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A lesson can be learned from the violent death of my old friend Mousie

Nicholas Lezard's "Down and Out" column.

I have always rather liked the picture of me that appears in the paper edition of this magazine – insofar as I am capable of liking a byline picture of myself – but it is now inaccurate. The eyes you see in it should now be replaced by the cold, dead eyes of a killer.

The victim was Mousie, long-term secondary character in this column, sometime provider of solace during times of misery, as hopeless prisoners make companions of those smaller and even more wretched than they (I wonder: is Chris Huhne, even as I write these words, befriending a Mr Jingles in his cell, like in The Green Mile, and leaving him morsels of toast while he tries to forget his crimes? “A Liberal Democrat in a cage/ Puts all heaven in a rage,” as William Blake so very nearly wrote).

However, the days when I looked sentimentally on Mousie passed a long time ago. There was a part of me that was resigned to him skittering across the floor and picking up whatever crumbs he found there – after all, if I had failed to sweep up, I had only myself to blame for any infestations – but a kind of Rubicon was crossed when he decided to leave several turds upon what had hitherto been a respectably clean chopping board. It was as clear a message of contempt as the v-sign or the sprayed obscenity – as well as being a taunt. “Catch me if you can, stupid human,” was the clear signal being received here.

Since then there have been the usual pitiful attempts to eradicate Mousie: the charm ingly retro mousetrap, which succeeded only in trapping my finger; the so-called “humane” trap, whose very name indicates the self-defeating oxymoron, whose nature I will return to in a minute; the glue trap, which failed to pick anything up at all except lint; and the space-age sonic device that plugged into the wall and is supposed to send out a high-frequency shriek inaudible to humans but torture to rodents. This worked for about two days and has since then been so ineffective that it actually, despite still being hopelessly plugged in, seems to serve the same purpose as the clock at Waterloo station used to: that is, as an official rendezvous point and rallying place for Mousie’s friends and relations. The only things I haven’t tried are poison, for I do not want (a) to be bothered by the smell of unreachable dead mouse if it works or (b) plagued by an infestation of poison-resistant supermice if it doesn’t. And a cat, for reasons far too complex to go into here.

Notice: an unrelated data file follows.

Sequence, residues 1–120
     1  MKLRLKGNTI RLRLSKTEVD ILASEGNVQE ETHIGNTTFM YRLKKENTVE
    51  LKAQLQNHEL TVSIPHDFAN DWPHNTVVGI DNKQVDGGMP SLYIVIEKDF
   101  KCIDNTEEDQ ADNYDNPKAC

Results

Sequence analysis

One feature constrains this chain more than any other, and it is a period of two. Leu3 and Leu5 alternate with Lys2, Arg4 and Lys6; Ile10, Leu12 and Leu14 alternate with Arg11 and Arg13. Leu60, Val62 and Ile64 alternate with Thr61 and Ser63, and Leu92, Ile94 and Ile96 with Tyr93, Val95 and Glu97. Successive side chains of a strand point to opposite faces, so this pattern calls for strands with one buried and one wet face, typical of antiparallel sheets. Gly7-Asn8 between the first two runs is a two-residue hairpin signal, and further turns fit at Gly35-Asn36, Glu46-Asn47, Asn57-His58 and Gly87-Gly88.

These days all the best houses have mice: a combination of sloppy personal habits and central heating have aided a population explosion. But not only that: also, our own squeamishness. I refer you to the “humane trap” mentioned above. This is for the milksop who does not want a mouse in the house but is too timid or pious to do anything about it. When Tristram Shandy’s Uncle Toby releases a fly into the outside world with the words,“This world surely is wide enough to hold both thee and me,” he has a point but mice, unlike flies, do not upon release thank their lucky stars and promise to mend their ways and never get themselves into that kind of a fix again; they go right back and compound the original crime. They know they’re wrong: when they scurry away from you when you go into the kitchen, it’s not self preservation that moves them, it’s guilt.

In the end, Mousie got greedy: he got stuck in a plastic bag in which I had two slices of bread ready to toast to accompany my soup for dinner. I left the kitchen for two minutes and returned to find the mouse in the bag and the bread already reduced to crumbs. Mousie had always been too fast for me; but now, demented by avarice, he had failed to take precautions and all I had to do was twist the neck of the bag, tie a knot, ignore his desperate attempts to kindle any nascent anthropomorphism and then put the bag on the floor and stomp on it with the heel of my boot.

It took me a while to untangle the metaphor in all this, for I am not wholly given to making them; but it recently occurred to me that, when it comes to parasites, why didn’t we do the same with some other notorious ones, when we found themselves stuffing themselves with our dinner and contributing nothing to our lives except their turds over our chopping-boards? We had the bankers and the hedge-fund managers where we wanted them for a few minutes a few years ago; we saw, before their selfinterest reasserted itself, the panic of guilt in their eyes; but we were weak, and timid and let them go, to crap again.

Nicholas Lezard is a literary critic for the Guardian and also writes for the Independent. He writes the Down and Out in London column for the New Statesman.

This article first appeared in the 25 March 2013 issue of the New Statesman, After God